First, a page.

Evidence
Alert

A scan may help decide if surgery is required as follow-on treatment for head and neck cancer

People with head and neck cancer in the UK usually receive chemotherapy and radiotherapy followed by surgery. Using a scan to assess cancer status after this first line chemoradiotherapy and only suggesting surgery to those with a clear indication led to similar survival rates, complications and fewer operations compared with planned cancer surgery for everyone.

After receiving similar initial treatment, this trial compared routine neck dissection surgery to surgery only if the scan showed residual cancer 12 weeks after chemoradiotherapy.

Head and neck surgery can be invasive and disfiguring, so doctors and patients alike want to minimise unnecessary operations, this potentially saves money.

The scanning tested was PET-CT scanning, a newer type of highly detailed CT scanning. This scan guided surveillance is not currently covered by NICE guidance. These findings suggest there may be a place for it and that by saving surgery for some people it could also save costs, compared to planning surgery for everyone without a surveillance scan.

Why was this study needed?

Head and neck cancer is uncommon. New cases range from 8 per 100,000 adults in the Thames and Oxford regions, to 5 per 100,000 in Wales and in the North Western region.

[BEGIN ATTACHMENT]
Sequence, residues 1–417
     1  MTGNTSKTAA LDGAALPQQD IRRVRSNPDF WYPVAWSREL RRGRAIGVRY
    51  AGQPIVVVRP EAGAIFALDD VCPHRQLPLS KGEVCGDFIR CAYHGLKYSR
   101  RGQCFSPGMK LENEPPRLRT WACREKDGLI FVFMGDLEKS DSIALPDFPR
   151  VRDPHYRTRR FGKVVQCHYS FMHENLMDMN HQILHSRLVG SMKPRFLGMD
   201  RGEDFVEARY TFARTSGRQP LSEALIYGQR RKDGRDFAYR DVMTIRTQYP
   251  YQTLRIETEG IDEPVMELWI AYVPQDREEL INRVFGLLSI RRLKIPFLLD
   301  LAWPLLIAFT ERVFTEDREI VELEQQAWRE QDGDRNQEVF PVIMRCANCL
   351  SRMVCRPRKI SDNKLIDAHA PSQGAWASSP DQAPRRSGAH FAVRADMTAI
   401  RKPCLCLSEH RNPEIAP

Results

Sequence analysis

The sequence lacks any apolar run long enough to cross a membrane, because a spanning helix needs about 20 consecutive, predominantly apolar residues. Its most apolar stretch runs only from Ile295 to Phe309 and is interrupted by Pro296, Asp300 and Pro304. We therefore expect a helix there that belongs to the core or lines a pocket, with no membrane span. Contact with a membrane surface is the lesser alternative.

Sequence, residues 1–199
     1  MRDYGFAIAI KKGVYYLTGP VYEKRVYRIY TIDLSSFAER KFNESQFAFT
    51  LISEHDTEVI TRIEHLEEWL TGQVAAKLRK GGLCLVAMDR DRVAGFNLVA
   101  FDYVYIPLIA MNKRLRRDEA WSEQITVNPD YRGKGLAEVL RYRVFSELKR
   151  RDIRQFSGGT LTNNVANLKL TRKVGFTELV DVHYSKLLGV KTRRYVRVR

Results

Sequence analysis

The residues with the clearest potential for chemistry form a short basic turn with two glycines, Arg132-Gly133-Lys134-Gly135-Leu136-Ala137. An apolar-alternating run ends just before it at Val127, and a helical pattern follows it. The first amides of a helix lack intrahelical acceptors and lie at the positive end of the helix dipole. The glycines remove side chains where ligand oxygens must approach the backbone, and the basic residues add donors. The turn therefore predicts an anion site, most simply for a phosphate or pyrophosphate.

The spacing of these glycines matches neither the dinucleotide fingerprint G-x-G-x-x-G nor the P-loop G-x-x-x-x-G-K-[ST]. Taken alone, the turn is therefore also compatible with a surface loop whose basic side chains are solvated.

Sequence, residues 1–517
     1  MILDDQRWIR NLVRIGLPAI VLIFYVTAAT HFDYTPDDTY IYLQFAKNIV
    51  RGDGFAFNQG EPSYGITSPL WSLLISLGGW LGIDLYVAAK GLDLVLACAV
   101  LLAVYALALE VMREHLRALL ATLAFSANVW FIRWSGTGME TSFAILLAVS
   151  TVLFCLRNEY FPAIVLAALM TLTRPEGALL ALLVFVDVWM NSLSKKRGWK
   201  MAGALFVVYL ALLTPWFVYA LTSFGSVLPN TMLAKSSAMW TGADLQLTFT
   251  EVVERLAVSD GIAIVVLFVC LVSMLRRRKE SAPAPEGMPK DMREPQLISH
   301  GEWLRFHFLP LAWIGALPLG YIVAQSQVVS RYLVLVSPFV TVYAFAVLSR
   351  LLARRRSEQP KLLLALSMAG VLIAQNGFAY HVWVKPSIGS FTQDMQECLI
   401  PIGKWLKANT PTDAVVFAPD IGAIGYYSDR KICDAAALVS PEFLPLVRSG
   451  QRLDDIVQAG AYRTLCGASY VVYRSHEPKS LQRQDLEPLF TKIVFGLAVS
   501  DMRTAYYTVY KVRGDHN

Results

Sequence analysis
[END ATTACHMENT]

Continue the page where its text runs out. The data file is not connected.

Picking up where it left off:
Studies have shown that some residual cancer is found during surgery in around 40% of patients after chemoradiotherapy, indicating surgery was warranted. But advances in chemoradiotherapy suggest that more patients will be largely free of cancer, and PET-CT has the potential to give more detailed imaging than previous techniques.

PET-CT is gaining in popularity, and these researchers wanted to test its effectives and safety in this type of cancer.

This trial aimed to compare the outcomes of having a surveillance scan before surgery compared with planned neck surgery without a scan in people with advanced head and neck cancer after initial chemoradiotherapy.

What did this study do?

This UK-based randomised control trial recruited 564 people with advanced head and neck cancer; specifically, those where the tumour had spread to their lymph nodes.

Participants were randomly assigned, half and half, to have planned neck surgery 12 weeks after the last chemoradiotherapy session or to have a PET-CT scan before a decision to operate. Scans showing remaining cancer or inconclusive results were a reason to continue to surgery.

The main outcome was overall survival, with complication rates and quality of life also assessed.

The trial was not blinded meaning patients, clinicians and evaluators were aware of the treatments received. Blinding in practice would be hard to achieve and would have been unlikely to have had a major effect on the results.

What did it find?

  • Survival rates and quality of life were no different between the groups after an average (median) follow up of three years. For example, two year overall survival was 84.9% (95% confidence interval [CI], 80.7 to 89.1) in the scanned group and 81.5% (95% CI, 76.9 to 86.3) in the planned surgery group.
  • Scans resulted in far fewer operations than the planned surgery group (19.1% versus 78.4% based on initial randomisation).